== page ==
The Exhibitor committee (Randy Buxton, NRCS) lines up about 35 industry exhibitors. The exhibitor area is located at a crossroads of three meeting rooms and adjacent to the cafeteria entrance. Morning and afternoon breaks are scheduled in this room with donuts and beverages served in the morning, and ice cream bars, cookies and cold beverages in the afternoon. CTTC also recruits sponsors to help financially including The Ohio Corn Growers Association, DeKalb/Asgrow, Pioneer, Seed Consultants and Wingfield Crop Insurance. Total income from these sponsors is about $7500.
 
     
 
Photo 4: Exhibitor Hall (35 exhibitors) is a beehive of activity and promotes networking.
 
The sixth committee arranges for CCA credit approvals (Harold Watters) in December/January and manages the evaluation and moderators (Jim Hoorman). The CCA sign-up process for each talk was recently streamlined by using hand-held magnetic card readers. Two or three moderators are assigned to each room to introduce speakers, keep the program on schedule, assist with AV equipment, assist in getting CCA’s signed up, and collect evaluations.
 
The CTTC team meets about a month after the conference to evaluate the program and to start planning for the following year. Team members discuss the evaluations, review the program, registration, exhibitors (space and concerns), facilities (parking, food, equipment, seating) and other issues. This meeting has served as the official annual business meeting since CTTC was incorporated as a non-profit corporation (501 3 d) in 2007.  

Results and Impacts

Attendance
2003
2004
2005
2006
2007
2008
2009
2010
First Day Attendance
425
480
511
520
536
604
681
751
Second Day Attendance
400
471
439
557
597
654
680
820
Total Attendance
550
560
620
656
697
768
896
966

 
Most CTTC participants attend both days but some attend only one. In a typical year, about 50-75% are consultants/agency personnel and 30-50% farmers. About 15% are from other states. In 2010, 40% were consultants, and 55% were farmers. Attendance has increased every year since 2003. 
 

CTTC Survey
2003
2004
2005
2006
2007
2008
2009
2010
Number of Survey Responses
 138
139
147
108
187
149
104
147
Response Rate
25%
25%
24%
16%
27%
19%
12%
15%
Speakers well prepared/
Presented Useful Information *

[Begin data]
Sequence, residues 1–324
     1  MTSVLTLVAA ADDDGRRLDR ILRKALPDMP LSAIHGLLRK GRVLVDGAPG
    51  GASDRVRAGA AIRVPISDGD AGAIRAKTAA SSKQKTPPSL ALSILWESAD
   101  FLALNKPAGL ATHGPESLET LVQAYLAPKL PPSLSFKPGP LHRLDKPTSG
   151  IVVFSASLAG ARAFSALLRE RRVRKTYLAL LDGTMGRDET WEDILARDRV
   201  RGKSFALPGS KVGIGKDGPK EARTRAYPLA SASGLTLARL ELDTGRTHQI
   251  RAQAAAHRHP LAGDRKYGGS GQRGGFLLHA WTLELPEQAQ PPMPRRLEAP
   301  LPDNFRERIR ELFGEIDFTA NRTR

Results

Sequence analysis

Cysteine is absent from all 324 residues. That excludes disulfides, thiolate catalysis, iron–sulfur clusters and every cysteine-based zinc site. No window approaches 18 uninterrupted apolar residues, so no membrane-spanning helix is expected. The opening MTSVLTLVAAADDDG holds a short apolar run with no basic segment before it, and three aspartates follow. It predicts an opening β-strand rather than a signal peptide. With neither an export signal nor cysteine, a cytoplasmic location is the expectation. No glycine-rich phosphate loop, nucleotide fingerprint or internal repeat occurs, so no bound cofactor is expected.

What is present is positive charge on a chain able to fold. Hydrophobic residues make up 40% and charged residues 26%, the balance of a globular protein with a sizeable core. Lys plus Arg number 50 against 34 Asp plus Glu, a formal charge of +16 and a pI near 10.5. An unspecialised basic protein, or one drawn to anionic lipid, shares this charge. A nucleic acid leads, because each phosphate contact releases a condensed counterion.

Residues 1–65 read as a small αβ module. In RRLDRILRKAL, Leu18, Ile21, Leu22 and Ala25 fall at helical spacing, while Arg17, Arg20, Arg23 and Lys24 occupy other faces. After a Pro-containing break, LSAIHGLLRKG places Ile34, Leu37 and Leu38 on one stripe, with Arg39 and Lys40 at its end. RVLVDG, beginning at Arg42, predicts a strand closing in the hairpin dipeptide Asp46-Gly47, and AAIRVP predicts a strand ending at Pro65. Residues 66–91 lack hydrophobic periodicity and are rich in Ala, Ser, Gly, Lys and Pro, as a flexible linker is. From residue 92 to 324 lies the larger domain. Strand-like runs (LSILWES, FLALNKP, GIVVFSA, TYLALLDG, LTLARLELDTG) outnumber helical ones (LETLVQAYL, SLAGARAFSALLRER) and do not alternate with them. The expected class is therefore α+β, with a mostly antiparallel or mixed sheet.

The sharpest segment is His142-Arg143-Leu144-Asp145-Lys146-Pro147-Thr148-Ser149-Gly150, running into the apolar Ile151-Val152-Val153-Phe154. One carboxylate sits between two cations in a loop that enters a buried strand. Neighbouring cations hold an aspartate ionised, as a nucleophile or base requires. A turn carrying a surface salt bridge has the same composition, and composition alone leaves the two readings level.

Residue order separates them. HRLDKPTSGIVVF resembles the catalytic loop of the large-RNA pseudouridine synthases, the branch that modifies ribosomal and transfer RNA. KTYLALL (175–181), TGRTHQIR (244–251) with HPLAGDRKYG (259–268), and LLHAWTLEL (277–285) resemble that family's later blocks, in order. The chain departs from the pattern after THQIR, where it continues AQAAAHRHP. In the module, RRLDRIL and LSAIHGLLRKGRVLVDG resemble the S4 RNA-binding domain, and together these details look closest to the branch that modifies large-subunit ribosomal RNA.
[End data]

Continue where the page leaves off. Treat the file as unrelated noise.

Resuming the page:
4.39
4.51
4.58
4.44
4.39
4.46
4.17
4.38
Registration costs in line with the program *
4.70
4.71
4.72
4.60
4.50
4.64
4.65
4.51

 
Separate evaluations are collected after the first day, second day, and participants who attend both days. The evaluation committee typically collects 100 to 150 evaluations (15-25% of the participants). Using a Likert scale (1=Disagree, 3=Neutral, 5=Agree) several questions are asked of participants about the conference. Evaluations show that “Speakers presenting useful information and being well prepared” has ranged between 4.17 and 4.58. Any negative evaluation comments about the program and speakers tend to be related to the large crowds, tight schedule, limited time for Q&A, and controversial topics. The registration fee has increased by $5 yearly since 2006, but attendance continues to grow. Evaluation scores for registration cost continues to rank high (4.50 to 4.72) with only a slight decline as registration costs have increased.
 

Farmer Responses
2004
2005
2006
2007
2008
2009
2010
Number of Farmers
185
200
300
340
330
491
531
Average Age of Participants
46
50
54
46
47
47
47
Value to Farmers of CTTC ($ per Acre)
$8.30
$7.50
$9.60
$11.10
$16.25
$16.80
$13.00

 The number of farmers participating in the program has increased yearly. Our program is set up to appeal to CCA’s but farmers also appreciate the in-depth education. In addition, many CCA’s are also farmers or agency personnel so there is no clear cut distinction among these groups. The average age of participants has been holding steady at around 46 to 54 years of age. 
 
Farmers have been asked to "Estimate the value of the CTTC to their operation on a per acre basis." The value has ranged from $7.50 per acre to $16.80 per acre. The two highest values ($16.25, and $16.80) occurred in 2008 and 2009 when fertilizer prices were at historically high levels and farmers were searching for solid information on reducing rates.  
 

Consultant Responses
2004
2005
2006
2007
2008
2009
2010
Number of Certified Crop Advisors (CCA)
276
322
275
297
425
370
425